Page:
In an undercover video released this week, Dr. Deborah Nucatola, senior director of medical services at Planned Parenthood, detailed with startling calmness how she chooses to perform abortion procedures in order to harvest particular organs from unborn children.
“We’ve been very good at getting heart, lung, liver, because we know that, so I’m not gonna crush that part,” she relays over a lunch meeting. “I’m gonna basically crush below, I’m gonna crush above, and I’m gonna see if I can get it all intact.”
Being able to obtain a child’s head, she admits, is a slightly more difficult task—often requiring a baby to be in breech position and a skilled technician to retrieve the desired body part. Each “specimen,” she notes, can go from around $30 to $100.
These alleged practices Planned Parenthood’s PR firm explains away as “humanitarian undertakings that hold the potential to cure disease, save lives, and ameliorate suffering.”
That such blatant brutality could be nonchalantly discussed over wine and salad has many on both sides of the abortion debate wondering how the slogan of “safe, legal and rare” can encompass the reported mutilation of unborn children with the intent to preserve their organs for sale.
It also has policymakers across the country asking whether these alleged practices are within the bounds of law.
Federal policy makes it unlawful for a person to “knowingly acquire, receive, or otherwise transfer any human fetal tissue for valuable consideration if the transfer affects interstate commerce.” The Partial-Birth Abortion Ban, prohibiting one of the more gruesome abortion procedures, limits abortions (similar to what Nucatola describes in the video) where the doctor begins delivery of the child before killing him or her.
Whether Planned Parenthood has violated those federal or similar state laws is unclear from the undercover video alone. In a statement responding to the video, Planned Parenthood states:
“At several of our health centers, we help patients who want to donate tissue for scientific research, and we do this just like every other high-quality health care provider does—with full, appropriate consent from patients and under the highest ethical and legal standards. There is no financial benefit for tissue donation for either the patient or for Planned Parenthood.”
That’s why investigations like those begun in the House today are a good and necessary response. Govs. Bobby Jindal, R-La., and Greg Abbott, R-Texas, have already called for state-level investigations of the Planned Parenthood affiliates working in their states.
More governors should do the same. Americans United for Life has identified a list of specific legal questions the billion-dollar giant of the abortion industry should be forced to answer about their alleged selling of baby body parts.
National leaders owe it to all American taxpayers who help bankroll Planned Parenthood’s bottom line to find out whether the organization is flouting common sense law and regulations.
Regardless of the outcome of those necessary investigations, this week’s glimpse into what could be one of the darkest corners of the abortion industry should also renew efforts to end taxpayer funding of Planned Parenthood. There is no reason to continue entangling federal money with an organization whose near single-minded focus is performing one out of every three abortions in the United States, even as it has decreased other preventative services like cancers screenings. In the last reporting year alone, Planned Parenthood performed over 327,000 abortions, while continuing to receive over half a billion dollars in taxpayer funding.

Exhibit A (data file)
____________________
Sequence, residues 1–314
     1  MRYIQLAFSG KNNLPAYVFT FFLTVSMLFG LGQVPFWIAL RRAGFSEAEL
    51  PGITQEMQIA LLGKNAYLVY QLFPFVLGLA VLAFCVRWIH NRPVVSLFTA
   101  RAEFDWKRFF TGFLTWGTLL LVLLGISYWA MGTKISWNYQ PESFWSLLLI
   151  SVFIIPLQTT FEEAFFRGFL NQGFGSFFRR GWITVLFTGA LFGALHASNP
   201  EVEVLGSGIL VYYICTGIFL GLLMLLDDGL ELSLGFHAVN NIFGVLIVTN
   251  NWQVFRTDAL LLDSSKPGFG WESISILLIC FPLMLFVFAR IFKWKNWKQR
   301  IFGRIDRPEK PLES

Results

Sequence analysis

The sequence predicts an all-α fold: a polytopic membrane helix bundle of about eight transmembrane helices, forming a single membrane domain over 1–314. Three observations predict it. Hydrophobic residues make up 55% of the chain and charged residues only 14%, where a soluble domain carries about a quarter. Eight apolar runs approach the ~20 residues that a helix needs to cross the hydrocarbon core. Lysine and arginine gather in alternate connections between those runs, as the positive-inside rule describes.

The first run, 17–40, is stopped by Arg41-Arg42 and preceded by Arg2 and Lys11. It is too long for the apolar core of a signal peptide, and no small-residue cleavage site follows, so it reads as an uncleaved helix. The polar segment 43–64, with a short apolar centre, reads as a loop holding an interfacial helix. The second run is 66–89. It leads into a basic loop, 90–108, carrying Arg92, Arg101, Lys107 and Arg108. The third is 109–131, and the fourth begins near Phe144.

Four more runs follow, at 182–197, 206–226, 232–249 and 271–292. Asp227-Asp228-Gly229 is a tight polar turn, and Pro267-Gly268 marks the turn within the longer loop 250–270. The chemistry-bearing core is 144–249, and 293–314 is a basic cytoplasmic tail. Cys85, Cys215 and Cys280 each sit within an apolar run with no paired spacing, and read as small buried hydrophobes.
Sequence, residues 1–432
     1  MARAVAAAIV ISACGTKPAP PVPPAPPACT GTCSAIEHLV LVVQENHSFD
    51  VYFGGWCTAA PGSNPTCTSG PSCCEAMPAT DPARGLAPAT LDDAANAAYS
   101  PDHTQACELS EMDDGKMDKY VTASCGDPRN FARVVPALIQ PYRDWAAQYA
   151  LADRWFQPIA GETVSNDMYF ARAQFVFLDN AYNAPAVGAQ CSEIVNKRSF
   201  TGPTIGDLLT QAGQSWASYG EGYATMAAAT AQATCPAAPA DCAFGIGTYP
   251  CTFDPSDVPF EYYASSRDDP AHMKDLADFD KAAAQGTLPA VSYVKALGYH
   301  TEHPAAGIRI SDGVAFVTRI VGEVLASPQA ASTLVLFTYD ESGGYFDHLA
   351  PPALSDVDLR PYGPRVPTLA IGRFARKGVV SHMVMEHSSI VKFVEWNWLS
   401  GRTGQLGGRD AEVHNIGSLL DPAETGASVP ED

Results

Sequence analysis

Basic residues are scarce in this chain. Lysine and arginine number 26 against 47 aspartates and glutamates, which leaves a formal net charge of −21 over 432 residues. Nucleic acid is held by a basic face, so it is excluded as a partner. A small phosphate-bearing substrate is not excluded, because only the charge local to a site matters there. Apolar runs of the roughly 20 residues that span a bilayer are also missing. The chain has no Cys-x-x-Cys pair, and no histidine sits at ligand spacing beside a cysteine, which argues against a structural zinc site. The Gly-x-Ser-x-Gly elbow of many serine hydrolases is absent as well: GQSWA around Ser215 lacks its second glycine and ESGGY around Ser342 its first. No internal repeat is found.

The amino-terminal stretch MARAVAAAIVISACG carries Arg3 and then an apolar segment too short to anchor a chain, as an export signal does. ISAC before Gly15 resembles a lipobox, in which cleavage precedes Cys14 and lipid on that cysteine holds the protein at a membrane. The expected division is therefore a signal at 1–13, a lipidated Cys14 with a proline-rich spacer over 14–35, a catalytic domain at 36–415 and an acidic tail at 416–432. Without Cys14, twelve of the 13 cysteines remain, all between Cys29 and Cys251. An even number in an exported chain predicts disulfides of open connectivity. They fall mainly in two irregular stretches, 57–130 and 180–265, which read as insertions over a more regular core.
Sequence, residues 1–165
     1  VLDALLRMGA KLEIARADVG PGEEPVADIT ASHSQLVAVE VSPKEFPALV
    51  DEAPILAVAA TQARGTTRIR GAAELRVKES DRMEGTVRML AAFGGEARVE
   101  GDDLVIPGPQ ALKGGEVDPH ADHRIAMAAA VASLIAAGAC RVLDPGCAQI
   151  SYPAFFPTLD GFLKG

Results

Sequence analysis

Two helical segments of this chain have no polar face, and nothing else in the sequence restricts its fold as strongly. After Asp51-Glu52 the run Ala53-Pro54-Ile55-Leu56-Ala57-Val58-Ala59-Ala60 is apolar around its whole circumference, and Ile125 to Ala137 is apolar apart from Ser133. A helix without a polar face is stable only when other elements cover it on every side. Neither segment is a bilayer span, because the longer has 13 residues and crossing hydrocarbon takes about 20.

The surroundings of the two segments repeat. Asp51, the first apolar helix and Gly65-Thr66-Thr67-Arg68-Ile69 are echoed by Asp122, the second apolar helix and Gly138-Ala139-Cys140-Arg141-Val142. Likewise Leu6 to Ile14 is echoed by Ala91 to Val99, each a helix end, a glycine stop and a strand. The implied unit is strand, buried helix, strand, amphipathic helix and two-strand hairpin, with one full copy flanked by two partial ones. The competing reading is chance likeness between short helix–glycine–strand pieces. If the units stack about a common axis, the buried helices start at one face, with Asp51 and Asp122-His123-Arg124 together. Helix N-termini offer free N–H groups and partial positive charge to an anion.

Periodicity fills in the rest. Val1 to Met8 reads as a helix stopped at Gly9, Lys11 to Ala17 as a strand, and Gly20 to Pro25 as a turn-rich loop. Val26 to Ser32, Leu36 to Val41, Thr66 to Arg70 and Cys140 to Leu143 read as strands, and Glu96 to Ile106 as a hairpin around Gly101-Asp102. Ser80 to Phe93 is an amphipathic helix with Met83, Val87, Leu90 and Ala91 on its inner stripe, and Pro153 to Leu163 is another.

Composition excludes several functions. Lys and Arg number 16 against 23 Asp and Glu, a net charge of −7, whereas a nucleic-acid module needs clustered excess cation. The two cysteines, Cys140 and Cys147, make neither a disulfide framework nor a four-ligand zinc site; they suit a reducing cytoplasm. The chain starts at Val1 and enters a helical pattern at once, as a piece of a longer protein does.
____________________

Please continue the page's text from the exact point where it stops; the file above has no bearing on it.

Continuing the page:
Allegations of callous disregard for the lives and dignity of women, and certainly the unborn children, who enter the organization’s clinics are hardly new. Planned Parenthood has also purportedly turned a blind eye to the unsafe and unsanitary conditions of some of its affiliates and has been repeatedly accused of fraud. Along with its many lawsuits challenging common sense regulations of abortion clinics and doctors, Planned Parenthood opposes legislation that would protect infants born alive after failed abortions.
This is hardly an organization that deserves or needs the hard-earned dollars of American taxpayers.
After watching this week’s explosive video, we have to ask some honest questions: Is it just the reported selling of tiny human organs and heads that makes us uneasy? Or is it that the intentional dismemberment of a baby old enough to have a heart and a lung and a liver capable of studying for research is legal at all?
Abortion is a ruthless business that has harmed countless women and taken the lives of more than 56 million unborn children. For more than 40 years, we’ve excluded the youngest and most vulnerable children in our society from the right to life—simply because they’re small, dependent, disabled or just plain inconvenient.
Having continually denied the inherent worth and dignity of the smallest among us, should we now be surprised that the alleged selling of an unborn child’s body parts is brushed away as a “humanitarian undertaking?”
Beyond investigating this week’s claims and ending funding to the abortion industry, Congress also has the opportunity to limit gruesome and dangerous late-term abortions, including some that allow for the procurement of tiny organs. That’s a policy the American people overwhelmingly support and one our commitment to protecting basic rights increasingly demands.
Sarah Torre focuses on policy issues related to religious liberty, marriage and family as policy analyst in the DeVos Center for Religion and Civil Society at The Heritage Foundation.
Editor's Note: This piece was originally published by The Heritage Foundation.